As the film opens, Susan (Amy Adams) feels guilty for not being happy, despite having ‘everything’ – Armie Hammer plays her current husband, but apparently they were maybe never truly supposed to be together.
A successful art gallery owner, Susan’s home is perfectly styled, filled with lacquered objets, beautiful things, much like herself, impeccably dressed, heavily made up. Her “bare” (movie bare, of course) face comes as a shock when she curls into bed to read a manuscript that has arrived that earlier that day, a surprise from the ex-husband she hasn’t heard from in 20 years.
She’s immediately engrossed in the story, which we see recreated as a movie within a movie. Jake Gyllenhaal and Isla Fisher play two halves of a couple travelling down a remote road at night. Aaron Taylor-Johnson plays a sinister man threatening them. It’s immediately tense. Disturbing. Distraught, Susan slams the book shut.
But that’s not the end, is it? No, she keeps going. And things get darker, and trickier. Director Tom Ford pulls a nasty trick on us: in casting Isla Fisher, he is intentionally making her a very easy substitute for Amy Adams (Isla Fisher once sent Christmas cards to friends and family with Amy Adams photo-shopped in her place, and no one noticed). But we’re not the only ones to notice the similarities: Susan starts to feel a little unsettled too.
This is only Tom Ford’s second film; I was blown away by his first effort, A Single Man. He has a distinctive style, he’s incredibly visual, but the story in A Single Man held up. More than that: it crawled right into my soul and crushed it, just a tiny bit. Colin Firth was robbed when he didn’t win an Oscar for it (well, he lost to Jeff Bridges for Crazy Heart, and that was certainly deserved as well; luckily Firth one the very next year for The King’s Speech). You may know that Tom Ford is a fashion designer, but that’s clearly not the only trick up his sleeve. His direction is not a gimmick (it likely helps that he leaves the costuming to someone else, and that no Tom Ford suits appear in the film). Maybe it’s little more style than substance, but it’s not without substance, or merit, or worth. Nocturnal Animals is dark and moody and horrible. It is sometimes graphic, and psychologically tortured, and stunning.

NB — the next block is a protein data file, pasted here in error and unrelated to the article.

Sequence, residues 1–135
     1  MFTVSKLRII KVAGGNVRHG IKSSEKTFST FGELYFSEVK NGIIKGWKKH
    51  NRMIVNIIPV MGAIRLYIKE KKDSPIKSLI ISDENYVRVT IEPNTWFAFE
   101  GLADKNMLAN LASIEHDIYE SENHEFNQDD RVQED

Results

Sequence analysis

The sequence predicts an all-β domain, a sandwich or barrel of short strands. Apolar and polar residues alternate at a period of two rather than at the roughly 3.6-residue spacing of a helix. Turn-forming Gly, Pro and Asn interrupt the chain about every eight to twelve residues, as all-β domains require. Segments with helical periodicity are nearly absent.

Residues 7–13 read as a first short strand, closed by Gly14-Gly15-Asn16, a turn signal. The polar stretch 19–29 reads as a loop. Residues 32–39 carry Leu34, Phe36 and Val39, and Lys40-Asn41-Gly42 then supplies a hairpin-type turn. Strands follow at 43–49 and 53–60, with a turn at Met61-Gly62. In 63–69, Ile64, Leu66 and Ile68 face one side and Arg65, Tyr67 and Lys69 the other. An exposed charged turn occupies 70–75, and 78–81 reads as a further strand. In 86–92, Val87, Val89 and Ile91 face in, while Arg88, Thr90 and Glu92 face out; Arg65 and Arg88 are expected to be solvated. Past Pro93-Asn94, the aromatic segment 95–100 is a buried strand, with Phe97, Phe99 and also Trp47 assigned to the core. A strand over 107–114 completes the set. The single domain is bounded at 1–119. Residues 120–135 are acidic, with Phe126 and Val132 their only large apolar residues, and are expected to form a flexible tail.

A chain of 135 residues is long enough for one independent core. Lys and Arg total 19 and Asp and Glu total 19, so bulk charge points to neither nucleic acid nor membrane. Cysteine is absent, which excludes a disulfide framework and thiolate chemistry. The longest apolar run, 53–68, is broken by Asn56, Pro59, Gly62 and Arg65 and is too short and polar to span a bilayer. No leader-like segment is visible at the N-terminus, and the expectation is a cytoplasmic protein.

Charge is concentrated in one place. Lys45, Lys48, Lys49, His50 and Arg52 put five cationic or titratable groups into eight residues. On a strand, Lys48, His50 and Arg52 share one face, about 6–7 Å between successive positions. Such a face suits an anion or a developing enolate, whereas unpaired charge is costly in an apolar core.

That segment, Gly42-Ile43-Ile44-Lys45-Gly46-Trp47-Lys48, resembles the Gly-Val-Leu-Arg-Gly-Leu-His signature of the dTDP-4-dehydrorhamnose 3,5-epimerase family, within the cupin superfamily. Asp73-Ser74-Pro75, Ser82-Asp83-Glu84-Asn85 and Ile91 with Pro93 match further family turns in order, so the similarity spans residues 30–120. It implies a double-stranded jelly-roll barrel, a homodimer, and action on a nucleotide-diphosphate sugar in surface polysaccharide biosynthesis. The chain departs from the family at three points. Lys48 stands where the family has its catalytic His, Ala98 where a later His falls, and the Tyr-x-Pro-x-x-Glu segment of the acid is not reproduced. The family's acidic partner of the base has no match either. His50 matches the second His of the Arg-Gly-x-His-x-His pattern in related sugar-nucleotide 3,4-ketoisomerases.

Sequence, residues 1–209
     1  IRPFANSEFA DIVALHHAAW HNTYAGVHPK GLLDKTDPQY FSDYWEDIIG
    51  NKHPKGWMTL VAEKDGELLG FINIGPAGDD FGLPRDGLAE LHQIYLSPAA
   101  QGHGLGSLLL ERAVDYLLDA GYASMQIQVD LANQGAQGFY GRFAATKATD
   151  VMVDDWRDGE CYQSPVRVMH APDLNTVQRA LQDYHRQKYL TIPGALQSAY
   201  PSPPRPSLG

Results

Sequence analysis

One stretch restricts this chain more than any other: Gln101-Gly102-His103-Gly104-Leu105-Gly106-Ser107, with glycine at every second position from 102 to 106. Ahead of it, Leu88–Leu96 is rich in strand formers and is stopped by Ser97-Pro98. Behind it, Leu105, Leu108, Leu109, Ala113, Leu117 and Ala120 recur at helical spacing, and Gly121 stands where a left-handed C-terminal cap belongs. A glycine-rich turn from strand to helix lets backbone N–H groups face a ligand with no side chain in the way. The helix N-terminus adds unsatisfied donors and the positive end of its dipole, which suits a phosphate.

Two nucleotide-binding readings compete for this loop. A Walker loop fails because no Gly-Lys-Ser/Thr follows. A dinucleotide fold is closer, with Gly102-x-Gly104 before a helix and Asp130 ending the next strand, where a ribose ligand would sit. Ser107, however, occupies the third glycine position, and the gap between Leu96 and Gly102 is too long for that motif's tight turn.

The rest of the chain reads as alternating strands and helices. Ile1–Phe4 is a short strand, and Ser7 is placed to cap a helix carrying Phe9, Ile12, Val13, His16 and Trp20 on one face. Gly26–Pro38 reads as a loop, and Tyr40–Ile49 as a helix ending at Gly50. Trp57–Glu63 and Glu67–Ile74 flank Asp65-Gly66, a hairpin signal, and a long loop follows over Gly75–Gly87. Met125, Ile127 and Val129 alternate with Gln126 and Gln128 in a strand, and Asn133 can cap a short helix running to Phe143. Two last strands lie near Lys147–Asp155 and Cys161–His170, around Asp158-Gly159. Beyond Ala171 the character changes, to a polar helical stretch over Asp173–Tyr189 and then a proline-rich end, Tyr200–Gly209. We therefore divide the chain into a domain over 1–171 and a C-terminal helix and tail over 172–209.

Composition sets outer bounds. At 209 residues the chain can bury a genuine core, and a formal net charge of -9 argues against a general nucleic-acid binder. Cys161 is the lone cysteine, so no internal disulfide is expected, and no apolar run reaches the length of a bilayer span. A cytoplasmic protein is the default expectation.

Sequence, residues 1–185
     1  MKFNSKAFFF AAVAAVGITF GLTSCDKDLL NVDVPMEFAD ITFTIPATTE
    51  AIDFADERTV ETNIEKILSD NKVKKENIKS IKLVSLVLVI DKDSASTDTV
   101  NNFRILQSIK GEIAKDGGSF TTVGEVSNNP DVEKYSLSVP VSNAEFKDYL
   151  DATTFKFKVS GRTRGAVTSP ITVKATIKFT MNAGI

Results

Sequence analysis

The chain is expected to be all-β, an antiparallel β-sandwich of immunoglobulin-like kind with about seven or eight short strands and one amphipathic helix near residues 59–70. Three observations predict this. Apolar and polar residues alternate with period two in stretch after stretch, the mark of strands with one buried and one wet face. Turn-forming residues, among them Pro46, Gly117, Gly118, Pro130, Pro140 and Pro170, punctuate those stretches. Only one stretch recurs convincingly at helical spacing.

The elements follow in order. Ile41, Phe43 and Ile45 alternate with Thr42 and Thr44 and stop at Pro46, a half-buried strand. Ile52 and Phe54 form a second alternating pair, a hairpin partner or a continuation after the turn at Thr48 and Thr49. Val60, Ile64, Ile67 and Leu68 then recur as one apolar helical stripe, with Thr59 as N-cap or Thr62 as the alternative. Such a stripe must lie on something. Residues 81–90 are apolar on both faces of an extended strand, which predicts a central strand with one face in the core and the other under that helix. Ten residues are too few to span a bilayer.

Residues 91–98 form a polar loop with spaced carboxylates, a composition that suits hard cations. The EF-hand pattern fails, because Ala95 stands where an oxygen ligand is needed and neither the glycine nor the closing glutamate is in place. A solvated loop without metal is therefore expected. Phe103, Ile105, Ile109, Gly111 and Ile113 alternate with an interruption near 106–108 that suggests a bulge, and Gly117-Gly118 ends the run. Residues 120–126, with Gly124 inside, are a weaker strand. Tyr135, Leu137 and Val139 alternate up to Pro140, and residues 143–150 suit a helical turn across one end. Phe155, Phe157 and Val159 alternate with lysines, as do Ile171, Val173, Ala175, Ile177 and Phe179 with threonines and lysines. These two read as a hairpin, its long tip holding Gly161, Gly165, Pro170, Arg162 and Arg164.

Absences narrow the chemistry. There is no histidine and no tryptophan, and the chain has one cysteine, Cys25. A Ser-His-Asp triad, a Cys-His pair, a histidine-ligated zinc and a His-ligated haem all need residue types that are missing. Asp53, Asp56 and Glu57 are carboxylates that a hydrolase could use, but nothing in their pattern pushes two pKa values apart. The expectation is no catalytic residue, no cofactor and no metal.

It’s the kind of movie that will haunt you for days. There are lots of performances worth talking about: Amy Adams, and the sadness she can convey in her downturned eyes; Jake Gyllenhaal’s fire, and his anguish. Aaron Taylor-Johnson was nominated for a Golden Globe for his supporting skeevy work here, but I think it’s Michael Shannon who maybe deserved the nomination, mustache and all. Can this man do any wrong? Oh wait…
Most people bill Nocturnal Animals as a work of revenge, but I feel it’s more about regret. I suppose your interpretation may rest on the ending, which is intentionally vague, but I believe an indictment on Susan’s character. What did you think?